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    Who said anything about the southern 100 miles being flat? Please don't not confuse 'easy by comparison' to 'easy'. In comparison to the northern sections of the LT, the southern sections are easier. I will admit that going northbound and having Camels Hump in my head for a few weeks was kinda cool, it was exciting to get there, and earn it (I would not say that about Mansfield, that was a disappointment), the parking lot and 80 people along the trail was kinda lame. But yes, for this reason I would say going north is interesting, but southern Vermont is still amazing, Killington, Stratton Pond, Styles Peak, Glastenburg, Clarendon Gorge, etc...no lack of kick ass spots. Nothing wrong with going northbound, but most people I know who have done the trail, including myself, tend to say AFTER the hike that southbound makes more sense all things considered. Choose to disregard that information, it will be an amazing hike regardless. I wouldn't change my northbound thru-hike for the world, just wouldn't do it again.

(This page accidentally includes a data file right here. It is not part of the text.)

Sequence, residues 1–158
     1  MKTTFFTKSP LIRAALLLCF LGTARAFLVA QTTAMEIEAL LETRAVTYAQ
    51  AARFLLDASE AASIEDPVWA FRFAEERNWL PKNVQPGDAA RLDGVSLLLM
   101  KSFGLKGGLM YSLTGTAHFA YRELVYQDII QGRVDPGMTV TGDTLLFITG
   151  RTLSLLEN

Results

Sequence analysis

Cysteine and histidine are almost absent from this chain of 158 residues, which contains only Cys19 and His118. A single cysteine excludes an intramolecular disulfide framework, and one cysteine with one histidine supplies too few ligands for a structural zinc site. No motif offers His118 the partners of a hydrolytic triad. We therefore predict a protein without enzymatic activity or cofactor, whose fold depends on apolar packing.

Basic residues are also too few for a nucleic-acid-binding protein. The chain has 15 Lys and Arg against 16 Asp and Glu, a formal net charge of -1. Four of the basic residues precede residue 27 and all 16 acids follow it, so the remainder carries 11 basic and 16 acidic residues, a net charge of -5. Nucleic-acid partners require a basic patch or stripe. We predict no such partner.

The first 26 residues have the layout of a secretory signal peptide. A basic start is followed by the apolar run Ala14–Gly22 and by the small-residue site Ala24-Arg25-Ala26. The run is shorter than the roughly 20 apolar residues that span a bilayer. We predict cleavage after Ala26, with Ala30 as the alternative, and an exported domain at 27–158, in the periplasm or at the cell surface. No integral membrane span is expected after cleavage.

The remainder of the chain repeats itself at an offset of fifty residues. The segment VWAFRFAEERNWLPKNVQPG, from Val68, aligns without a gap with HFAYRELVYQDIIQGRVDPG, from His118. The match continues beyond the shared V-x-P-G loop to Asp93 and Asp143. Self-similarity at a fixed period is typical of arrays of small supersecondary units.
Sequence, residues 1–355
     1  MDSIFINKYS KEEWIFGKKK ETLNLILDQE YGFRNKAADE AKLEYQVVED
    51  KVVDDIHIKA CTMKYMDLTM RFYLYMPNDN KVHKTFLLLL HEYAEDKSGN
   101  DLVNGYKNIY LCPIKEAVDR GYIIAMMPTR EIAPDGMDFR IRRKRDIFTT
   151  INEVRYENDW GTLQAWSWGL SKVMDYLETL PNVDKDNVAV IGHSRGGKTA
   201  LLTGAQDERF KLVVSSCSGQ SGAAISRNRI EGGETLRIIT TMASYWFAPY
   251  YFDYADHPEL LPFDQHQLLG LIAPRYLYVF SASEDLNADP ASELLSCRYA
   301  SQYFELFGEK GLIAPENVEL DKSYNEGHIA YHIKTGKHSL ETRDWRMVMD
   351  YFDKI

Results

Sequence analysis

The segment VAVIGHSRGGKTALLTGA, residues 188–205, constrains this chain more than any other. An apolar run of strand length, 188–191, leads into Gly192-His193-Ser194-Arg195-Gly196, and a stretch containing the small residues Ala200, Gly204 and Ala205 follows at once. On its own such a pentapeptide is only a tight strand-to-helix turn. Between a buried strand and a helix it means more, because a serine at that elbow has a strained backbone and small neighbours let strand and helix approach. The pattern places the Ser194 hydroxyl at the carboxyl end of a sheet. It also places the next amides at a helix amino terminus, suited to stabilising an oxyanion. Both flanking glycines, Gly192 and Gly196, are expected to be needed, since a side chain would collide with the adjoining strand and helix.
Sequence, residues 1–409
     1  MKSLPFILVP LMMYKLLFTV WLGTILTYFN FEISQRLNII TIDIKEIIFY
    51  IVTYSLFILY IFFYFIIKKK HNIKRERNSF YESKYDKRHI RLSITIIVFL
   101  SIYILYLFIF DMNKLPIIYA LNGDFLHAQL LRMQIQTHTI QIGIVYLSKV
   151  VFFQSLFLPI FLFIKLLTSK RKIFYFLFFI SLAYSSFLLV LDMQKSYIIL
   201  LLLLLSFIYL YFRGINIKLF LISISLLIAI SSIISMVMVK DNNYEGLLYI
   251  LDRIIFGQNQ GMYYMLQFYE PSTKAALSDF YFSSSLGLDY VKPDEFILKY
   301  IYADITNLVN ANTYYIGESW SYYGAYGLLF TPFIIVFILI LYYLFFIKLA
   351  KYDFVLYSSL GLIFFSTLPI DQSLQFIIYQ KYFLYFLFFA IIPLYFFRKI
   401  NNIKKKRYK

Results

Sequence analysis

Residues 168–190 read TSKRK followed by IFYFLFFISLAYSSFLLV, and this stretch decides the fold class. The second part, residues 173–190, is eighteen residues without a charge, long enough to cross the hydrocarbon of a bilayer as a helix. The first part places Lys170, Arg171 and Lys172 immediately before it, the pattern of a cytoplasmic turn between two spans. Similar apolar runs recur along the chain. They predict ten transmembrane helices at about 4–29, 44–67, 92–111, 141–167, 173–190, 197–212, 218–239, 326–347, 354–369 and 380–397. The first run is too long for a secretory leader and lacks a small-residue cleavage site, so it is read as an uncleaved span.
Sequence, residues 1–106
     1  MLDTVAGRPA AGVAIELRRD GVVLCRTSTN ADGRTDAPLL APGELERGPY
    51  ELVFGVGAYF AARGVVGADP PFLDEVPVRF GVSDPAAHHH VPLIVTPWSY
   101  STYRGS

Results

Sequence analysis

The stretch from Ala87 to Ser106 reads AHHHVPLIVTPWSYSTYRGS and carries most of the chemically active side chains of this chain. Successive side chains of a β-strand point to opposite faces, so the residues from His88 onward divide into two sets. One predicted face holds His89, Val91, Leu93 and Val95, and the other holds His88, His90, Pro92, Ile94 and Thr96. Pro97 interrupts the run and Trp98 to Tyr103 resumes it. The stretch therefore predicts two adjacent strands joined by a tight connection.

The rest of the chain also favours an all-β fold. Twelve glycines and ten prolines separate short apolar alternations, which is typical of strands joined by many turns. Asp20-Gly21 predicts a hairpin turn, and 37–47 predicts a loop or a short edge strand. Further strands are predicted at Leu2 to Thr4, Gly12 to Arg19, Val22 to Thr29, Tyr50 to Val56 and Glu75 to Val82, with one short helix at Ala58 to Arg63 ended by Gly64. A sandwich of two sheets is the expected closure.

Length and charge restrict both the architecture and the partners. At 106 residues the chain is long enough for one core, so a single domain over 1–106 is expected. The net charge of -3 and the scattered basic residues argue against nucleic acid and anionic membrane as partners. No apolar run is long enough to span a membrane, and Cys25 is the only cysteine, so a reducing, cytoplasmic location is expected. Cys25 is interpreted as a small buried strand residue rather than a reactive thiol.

20. #20
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    A good trick going northbound is to backtrack back to VT 105 after reaching the Canadian Border instead of hiking down to Journeys End Road, VT 105 has some traffic and you could be on your way towards Burlington before you know it.